Complaints For Sex Discrimination In Health Care Coverage Filed Against Five Employers

 

The National Women’s Law Center (NWLC) recently filed sex discrimination complaints against five employers, composed of a mix of private and public institutions, that exclude pregnancy coverage from the health insurance benefits provided to their employees’ dependent children. These complaints are believed to be the first to challenge dependent pregnancy coverage exclusions under Sec. 1557 of the Patient Protection and Affordable Care Act (ACA). The employers are:

• Battelle Memorial Institute, a research and development organization based in Columbus, Ohio, with over 22,000 employees in more than 100 locations globally, including many across the U.S.

• Beacon Health System, located in South Bend, Ind., is the parent organization of Elkhart General Hospital and Memorial Hospital of South Bend, which operate in North Central Indiana and Southwestern Michigan. Beacon employs over 3,800 people.

• Auburn University, a public university in Auburn, Ala., with over 4,500 full-time non-student employees.

• Gonzaga University, a private university located in Spokane, Wash., with 1,000 faculty and non-faculty employees.

• The Pennsylvania State System of Higher Education (PASSHE), located in Harrisburg, Penn., is “a public corporation and government instrumentality” consisting of fourteen public universities across the state. PASSHE employs over 12,150 professional and support staff.

“Pregnancy coverage is an essential insurance benefit for women,” said Marcia D. Greenberger ,NWLC copresident. “Our message to every institution providing health insurance in the country is that treating pregnancy differently, including by omitting it from health insurance coverage, is sex discrimination pure and simple and as such violates the law.”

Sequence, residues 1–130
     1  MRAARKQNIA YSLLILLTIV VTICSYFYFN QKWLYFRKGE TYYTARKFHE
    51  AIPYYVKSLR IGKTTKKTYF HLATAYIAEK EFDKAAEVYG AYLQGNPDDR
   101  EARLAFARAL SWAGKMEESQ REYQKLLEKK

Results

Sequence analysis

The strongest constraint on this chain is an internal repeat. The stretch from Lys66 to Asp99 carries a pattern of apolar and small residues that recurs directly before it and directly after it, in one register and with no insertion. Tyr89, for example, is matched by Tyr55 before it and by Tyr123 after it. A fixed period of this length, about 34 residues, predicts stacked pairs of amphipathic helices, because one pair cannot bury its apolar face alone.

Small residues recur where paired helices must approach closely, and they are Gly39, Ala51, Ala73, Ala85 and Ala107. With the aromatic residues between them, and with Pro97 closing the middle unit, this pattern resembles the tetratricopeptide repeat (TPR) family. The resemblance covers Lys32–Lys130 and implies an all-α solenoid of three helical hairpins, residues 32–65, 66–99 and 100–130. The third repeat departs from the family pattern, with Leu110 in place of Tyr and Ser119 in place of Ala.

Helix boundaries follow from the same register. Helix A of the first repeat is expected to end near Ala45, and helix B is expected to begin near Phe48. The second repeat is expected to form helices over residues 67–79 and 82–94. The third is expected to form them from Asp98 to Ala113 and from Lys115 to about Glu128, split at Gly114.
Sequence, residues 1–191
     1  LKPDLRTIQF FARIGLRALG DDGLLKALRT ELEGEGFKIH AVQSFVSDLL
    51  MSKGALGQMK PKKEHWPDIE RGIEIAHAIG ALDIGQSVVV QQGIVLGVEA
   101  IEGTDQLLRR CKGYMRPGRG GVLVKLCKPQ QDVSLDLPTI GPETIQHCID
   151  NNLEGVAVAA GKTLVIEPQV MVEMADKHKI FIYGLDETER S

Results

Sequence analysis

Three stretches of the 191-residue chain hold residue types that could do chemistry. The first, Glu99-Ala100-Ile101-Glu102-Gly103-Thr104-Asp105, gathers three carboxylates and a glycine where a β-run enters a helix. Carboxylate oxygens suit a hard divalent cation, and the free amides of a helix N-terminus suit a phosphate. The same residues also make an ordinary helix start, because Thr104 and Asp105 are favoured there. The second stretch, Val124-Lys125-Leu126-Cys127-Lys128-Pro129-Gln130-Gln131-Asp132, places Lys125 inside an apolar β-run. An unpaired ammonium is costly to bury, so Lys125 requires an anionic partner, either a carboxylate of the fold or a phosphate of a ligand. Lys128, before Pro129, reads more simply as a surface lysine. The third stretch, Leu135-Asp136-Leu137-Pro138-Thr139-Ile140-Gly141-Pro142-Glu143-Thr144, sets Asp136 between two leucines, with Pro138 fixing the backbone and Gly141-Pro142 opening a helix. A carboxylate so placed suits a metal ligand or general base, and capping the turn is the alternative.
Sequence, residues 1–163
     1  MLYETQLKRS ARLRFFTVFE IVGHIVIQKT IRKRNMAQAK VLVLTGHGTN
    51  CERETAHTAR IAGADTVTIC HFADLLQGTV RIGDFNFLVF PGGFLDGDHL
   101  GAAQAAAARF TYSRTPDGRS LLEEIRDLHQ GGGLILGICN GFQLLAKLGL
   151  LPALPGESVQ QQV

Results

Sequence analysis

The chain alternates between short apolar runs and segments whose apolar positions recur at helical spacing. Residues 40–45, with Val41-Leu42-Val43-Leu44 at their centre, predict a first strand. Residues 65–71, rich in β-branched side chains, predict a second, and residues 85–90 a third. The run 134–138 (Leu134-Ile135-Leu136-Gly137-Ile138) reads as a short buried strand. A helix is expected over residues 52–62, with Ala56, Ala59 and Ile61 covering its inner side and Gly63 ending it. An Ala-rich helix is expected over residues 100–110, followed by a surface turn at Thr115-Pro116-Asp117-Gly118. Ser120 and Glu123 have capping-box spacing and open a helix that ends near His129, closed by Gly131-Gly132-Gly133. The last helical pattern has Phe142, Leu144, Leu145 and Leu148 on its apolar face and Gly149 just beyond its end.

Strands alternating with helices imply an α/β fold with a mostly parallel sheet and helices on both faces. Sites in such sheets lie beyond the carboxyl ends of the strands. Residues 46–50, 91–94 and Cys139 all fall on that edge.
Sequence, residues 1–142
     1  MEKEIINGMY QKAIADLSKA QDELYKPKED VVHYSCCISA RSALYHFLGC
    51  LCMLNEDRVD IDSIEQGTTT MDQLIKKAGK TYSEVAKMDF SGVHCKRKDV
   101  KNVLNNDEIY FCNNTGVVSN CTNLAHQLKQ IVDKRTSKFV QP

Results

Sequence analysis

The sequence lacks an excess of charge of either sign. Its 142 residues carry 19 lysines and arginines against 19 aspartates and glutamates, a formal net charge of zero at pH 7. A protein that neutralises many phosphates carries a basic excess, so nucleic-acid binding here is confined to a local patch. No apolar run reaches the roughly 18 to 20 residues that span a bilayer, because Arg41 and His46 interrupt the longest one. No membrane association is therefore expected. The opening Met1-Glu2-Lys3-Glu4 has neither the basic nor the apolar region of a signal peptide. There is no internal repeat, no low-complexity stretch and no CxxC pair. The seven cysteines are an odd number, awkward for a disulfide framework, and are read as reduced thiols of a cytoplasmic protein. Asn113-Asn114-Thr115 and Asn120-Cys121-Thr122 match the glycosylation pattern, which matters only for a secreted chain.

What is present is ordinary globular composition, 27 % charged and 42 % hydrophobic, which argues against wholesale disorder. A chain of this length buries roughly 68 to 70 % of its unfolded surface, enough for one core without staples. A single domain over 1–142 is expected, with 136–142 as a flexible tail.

A growing number of young women are staying on their parents’ health care plans because the ACA requires plans that offer coverage to dependent children to extend that coverage up to age 26. Each year, there are an estimated 2.4 million pregnancies among women under age 25, and the medical costs associated with pregnancy and childbirth can be substantial. According to the March of Dimes, an uncomplicated pregnancy can cost over $10,000 on average, including prenatal care, routine delivery, and post-pregnancy care.

Sec. 1557 of the ACA protects individuals from discrimination on the basis of sex (as well as race, color, national origin, age, disability, gender identity, and sex stereotypes) in health care plans. The prohibition against sex discrimination requires that plans provide comprehensive coverage to women, including full coverage for gynecological and maternity care, on the same terms as other benefits. Treating pregnancy differently also has long been considered sex discrimination under civil rights statutes such as Title IX and Title VII.

“When an institution excludes maternity coverage for the female dependent children of its employees, it means that young women on their parents’ plans receive benefits that are less comprehensive than those provided to young adult men,” said Judy Waxman, NWLC vice president for health and reproductive rights. “Providing a less favorable set of benefits to employees’ daughters compared to their sons is not only unfair, it is also discrimination on the basis of sex—a violation of Sec. 1557 of the ACA.”

For more information, visit http://www.nwlc.org/resource/nwlc-section-1557-complaint-sex-discrimination-complaints-against-five-institutions.

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